Santorum testified that his wife had "trouble walking, bending and lifting and has suffered humiliation from weight gain associated with her injury." Santorum also testified that it would be tough for Karen to help his re-election "because of her physical limitations and the poor self-image."


As we previously discussed, a jury decided in August that the family of Dorothy Douglas, who
died from neglect at ManorCare’s Heartland of Charleston facility in 2009, should receive $11.5
million in compensatory damages and $80 million in punitive damages. She was deprived of
proper hydration that led to her death. Staff failed to make sure she had enough water and
that she was eating properly. On several occasions, Douglas told his mother’s nurse aides that the woman was not getting enough to drink, and asked them to make sure she had water next to her bed at all times.  The nursing home did not have enough staff members, an assertion backed by former employees who said due to the poor working conditions they could not properly care for residents.

However, a circuit judge has now entered a judgment order reducing a portion of a $91.5 million
jury award. The order reduces a $5 million segment of that award to a maximum of $4,594,615.

At issue is whether a 2003 state law arbitrarily limiting medical malpractice awards to $500,000
should apply to a simple negligence action against a nursing home. The caps, which state
lawmakers instituted under West Virginia’s Medical Professional Liability Act, prevent victims alleging medical malpractice from recovering more than $500,000 in non-economic damages. Heartland and parent company ManorCare, believes the case is subject to those caps because nursing homes are medical providers. But making sure a resident has enough water is not a medical decision. Such verdicts call attention to improper care in some nursing homes and are warranted based on the profits large companies report.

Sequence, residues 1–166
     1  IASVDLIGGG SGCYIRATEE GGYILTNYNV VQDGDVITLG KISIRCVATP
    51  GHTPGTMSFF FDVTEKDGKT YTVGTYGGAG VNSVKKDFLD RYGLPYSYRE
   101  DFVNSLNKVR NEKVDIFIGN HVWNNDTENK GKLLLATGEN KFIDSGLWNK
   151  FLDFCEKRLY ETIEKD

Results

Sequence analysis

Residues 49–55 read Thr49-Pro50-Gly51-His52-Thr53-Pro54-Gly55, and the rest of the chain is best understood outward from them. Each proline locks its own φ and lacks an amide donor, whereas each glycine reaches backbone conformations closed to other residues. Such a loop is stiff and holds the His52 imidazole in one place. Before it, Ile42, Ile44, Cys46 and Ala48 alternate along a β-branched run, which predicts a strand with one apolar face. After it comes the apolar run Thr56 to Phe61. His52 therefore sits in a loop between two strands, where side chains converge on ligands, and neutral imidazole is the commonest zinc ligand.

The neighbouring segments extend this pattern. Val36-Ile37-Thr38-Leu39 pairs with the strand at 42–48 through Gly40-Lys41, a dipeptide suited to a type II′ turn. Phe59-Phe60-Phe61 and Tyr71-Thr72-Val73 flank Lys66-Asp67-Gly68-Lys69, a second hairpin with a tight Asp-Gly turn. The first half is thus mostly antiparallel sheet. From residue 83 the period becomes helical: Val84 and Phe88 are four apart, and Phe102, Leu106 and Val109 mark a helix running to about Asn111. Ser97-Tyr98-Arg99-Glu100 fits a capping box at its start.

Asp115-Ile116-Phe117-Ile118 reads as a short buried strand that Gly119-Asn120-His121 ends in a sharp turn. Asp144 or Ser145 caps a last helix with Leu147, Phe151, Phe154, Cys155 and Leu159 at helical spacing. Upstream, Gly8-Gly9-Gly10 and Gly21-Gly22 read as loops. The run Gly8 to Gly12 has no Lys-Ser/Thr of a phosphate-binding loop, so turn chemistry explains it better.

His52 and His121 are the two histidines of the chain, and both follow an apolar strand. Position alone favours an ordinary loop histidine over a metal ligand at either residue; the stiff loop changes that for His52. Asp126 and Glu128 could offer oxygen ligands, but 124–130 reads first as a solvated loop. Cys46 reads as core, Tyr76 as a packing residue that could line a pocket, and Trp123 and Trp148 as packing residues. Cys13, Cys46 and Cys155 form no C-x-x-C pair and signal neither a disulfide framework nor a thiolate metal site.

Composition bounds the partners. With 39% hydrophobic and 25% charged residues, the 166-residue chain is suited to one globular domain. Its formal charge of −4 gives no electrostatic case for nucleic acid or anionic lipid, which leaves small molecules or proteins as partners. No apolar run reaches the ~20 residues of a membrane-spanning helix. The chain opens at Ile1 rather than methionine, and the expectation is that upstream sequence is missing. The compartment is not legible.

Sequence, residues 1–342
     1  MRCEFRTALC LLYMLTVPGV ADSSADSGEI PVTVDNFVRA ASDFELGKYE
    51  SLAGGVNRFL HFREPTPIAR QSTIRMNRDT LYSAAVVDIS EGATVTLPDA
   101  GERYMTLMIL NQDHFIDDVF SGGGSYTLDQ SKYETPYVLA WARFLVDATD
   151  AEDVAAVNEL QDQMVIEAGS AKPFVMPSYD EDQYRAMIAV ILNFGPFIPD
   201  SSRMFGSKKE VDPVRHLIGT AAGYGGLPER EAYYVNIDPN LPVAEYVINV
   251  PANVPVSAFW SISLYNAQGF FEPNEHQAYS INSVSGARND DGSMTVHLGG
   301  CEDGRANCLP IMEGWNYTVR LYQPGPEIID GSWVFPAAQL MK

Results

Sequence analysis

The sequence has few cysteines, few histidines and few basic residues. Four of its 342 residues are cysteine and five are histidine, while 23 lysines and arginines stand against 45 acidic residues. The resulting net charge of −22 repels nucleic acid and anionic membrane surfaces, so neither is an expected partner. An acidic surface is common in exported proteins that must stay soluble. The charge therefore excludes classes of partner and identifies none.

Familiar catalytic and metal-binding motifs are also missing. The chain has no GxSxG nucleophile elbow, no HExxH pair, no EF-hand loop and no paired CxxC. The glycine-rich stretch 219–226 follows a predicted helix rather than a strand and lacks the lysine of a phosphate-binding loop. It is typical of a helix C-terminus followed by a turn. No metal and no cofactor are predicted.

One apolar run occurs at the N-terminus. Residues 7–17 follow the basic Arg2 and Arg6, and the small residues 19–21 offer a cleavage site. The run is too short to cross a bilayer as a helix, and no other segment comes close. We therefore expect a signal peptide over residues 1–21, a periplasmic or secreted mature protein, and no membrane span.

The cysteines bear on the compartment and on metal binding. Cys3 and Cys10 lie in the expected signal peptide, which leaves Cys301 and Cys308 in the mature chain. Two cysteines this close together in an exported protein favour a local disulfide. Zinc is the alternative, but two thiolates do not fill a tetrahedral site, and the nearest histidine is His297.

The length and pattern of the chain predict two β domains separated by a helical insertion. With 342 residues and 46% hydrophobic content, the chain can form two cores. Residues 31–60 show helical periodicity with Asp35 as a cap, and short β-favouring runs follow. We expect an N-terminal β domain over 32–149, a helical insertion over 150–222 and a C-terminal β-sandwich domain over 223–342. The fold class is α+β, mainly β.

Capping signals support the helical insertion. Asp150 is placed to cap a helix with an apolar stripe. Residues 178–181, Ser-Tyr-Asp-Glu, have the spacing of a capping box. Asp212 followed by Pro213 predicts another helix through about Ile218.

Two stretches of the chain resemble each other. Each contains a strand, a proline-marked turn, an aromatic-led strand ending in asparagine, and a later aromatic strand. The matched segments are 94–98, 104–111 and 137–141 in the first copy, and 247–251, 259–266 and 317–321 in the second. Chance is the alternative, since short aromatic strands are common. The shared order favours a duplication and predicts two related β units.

The defense lawyers also complain that multiple legal errors were made during the trial —
including a misstatement of the earnings of the home’s umbrella corporation. The jury was told
that HCR Manor Care made $4 billion in profits in 2009 based on a tax return statement from
that year but that was gross revenue.  Defendants also argue that the verdict form the jury used during the trial did not specify damages for each defendant named in the suit, and instead lumped them together, denying their rights of having a separate determination of liability. The verdict form also directed the jurors to give a $5 million award to Douglas’ sister Carolyn Douglas Hoy, who wasn’t named as a party in the lawsuit.

Nursing home employee Amanda Tibble pleaded guilty to abusing her patients in Washington County, TN Criminal Court. Tibble pleaded guilty to four counts of willful abuse or neglect of an adult at John M. Reed Nursing Home.  She only admitted guilt to the mental abuse. She took best interest guilty pleas for the two counts of physical abuse of two male patients.  Prosecutors accused Tibble of twisting one man’s hand and bending back another man’s hand.